People who are eligible for the diagnosis of bipolar disorder experience the amplitude of their waves and the rhythm of their cycling between highs and lows in more exaggerated ways than the rest of the population. They are outliers on the bell curve, with special sensitivities. They have positive and negative experiences, which are more extreme and intense than people who cannot access frequencies in those ranges.

Some people with a bipolar diagnosis have a variant of it, described by “rapid cycling,” which means that they pass between the highs and lows at a fast rate. Some people experience mania or a painfully intense “up” side of the cycle, and some mostly stay around the depressed node, with occasional visits to slightly elevated mood (called “hypomania”). Mania typically involves an increase in energy, outlook, and mood, often involving extended periods of little or no sleep and intense creative outpourings of activity, thought, and speech.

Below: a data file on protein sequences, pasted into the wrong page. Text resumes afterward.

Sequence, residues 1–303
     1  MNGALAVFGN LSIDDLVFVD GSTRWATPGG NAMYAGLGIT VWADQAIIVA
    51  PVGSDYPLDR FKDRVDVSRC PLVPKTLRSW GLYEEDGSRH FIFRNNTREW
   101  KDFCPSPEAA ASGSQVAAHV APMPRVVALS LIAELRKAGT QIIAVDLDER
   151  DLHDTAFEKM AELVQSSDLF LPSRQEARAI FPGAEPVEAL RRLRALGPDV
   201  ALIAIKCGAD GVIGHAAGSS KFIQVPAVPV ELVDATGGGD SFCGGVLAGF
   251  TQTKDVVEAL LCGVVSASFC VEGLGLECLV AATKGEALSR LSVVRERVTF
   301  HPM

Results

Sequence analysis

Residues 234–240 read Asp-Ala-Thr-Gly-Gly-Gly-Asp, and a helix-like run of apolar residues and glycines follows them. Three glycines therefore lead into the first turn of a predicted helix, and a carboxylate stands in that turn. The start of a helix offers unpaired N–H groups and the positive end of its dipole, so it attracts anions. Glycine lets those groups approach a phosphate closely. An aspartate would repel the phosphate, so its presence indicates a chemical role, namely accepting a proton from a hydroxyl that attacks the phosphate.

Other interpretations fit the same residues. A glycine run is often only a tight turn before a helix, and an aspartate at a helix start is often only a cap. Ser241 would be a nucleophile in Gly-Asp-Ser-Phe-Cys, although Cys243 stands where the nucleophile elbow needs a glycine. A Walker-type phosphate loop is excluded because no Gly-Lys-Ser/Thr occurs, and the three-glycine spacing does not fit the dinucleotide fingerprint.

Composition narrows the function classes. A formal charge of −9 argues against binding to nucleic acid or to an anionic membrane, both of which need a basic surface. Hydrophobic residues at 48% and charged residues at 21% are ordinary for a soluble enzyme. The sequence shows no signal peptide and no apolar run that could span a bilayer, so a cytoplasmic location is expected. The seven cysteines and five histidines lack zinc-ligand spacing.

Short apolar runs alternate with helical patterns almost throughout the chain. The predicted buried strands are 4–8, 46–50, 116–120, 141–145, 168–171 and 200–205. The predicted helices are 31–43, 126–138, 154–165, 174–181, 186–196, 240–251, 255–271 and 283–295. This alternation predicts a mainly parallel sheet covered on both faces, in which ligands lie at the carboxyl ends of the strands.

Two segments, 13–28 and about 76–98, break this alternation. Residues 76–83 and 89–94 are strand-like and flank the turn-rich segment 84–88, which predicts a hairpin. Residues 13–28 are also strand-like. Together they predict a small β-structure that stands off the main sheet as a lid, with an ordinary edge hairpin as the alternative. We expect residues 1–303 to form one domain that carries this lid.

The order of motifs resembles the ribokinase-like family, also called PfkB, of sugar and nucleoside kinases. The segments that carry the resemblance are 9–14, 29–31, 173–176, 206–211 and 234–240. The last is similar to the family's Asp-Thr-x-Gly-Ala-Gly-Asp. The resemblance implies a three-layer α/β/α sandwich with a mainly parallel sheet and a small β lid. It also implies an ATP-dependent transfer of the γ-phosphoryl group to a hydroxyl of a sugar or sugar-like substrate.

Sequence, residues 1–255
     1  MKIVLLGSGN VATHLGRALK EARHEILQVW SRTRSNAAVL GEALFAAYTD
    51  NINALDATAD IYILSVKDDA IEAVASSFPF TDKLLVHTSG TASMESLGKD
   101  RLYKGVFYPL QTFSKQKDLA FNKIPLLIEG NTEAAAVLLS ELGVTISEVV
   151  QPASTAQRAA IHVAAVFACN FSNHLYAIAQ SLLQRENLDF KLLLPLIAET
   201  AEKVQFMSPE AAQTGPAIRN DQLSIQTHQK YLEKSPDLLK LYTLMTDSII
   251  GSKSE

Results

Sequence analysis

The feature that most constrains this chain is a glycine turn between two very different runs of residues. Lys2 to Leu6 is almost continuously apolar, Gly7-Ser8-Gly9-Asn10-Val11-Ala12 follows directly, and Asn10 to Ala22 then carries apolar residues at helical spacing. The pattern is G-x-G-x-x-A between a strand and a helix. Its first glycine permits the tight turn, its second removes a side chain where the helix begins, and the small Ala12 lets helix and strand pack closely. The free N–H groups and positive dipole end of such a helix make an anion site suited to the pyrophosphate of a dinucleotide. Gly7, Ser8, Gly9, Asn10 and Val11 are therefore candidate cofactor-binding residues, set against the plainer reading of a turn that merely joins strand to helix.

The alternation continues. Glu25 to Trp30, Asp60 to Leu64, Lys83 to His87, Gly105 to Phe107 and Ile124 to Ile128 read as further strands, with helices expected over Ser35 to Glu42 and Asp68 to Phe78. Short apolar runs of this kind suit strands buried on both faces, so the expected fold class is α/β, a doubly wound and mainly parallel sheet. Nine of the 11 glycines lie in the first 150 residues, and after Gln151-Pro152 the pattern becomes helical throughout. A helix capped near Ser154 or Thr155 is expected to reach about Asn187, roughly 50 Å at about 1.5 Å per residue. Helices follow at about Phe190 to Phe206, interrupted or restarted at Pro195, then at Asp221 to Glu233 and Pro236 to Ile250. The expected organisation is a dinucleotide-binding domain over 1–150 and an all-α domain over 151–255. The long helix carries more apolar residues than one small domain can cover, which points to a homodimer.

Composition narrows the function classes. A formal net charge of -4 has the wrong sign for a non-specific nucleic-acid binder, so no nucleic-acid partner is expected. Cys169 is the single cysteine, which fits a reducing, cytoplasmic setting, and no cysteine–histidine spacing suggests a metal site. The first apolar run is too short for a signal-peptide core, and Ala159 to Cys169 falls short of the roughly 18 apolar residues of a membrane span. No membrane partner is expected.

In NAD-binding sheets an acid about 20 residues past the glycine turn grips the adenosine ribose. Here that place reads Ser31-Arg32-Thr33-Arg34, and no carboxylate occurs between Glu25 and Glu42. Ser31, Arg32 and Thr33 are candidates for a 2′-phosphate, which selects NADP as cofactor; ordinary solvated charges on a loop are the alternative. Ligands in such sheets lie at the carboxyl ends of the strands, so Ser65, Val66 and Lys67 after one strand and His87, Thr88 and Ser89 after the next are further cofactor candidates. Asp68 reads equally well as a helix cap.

Mania is often accompanied by irritability, speediness, scattered thought, and inflation of ego. People in a manic state may access a superficially positive, grandiose, or unsustainably optimistic perspective that loses touch with the ground of their more balanced, felt-sensed truth. People in a manic state typically take risks, often dangerous ones, because they are currently feeling invincible.

On the other end of the pole, women with bipolar patterning experience staggering depths of depression, drop in mood, and deflation of the ego, which are so intense and painful, these women are often at risk for suicide. In such troughs of their emotional waves, these women suffer from a depth of feeling some people would not handle. Some women with the diagnosis have such amplitude to their waves that their experiences are classed as “psychotic” on either end.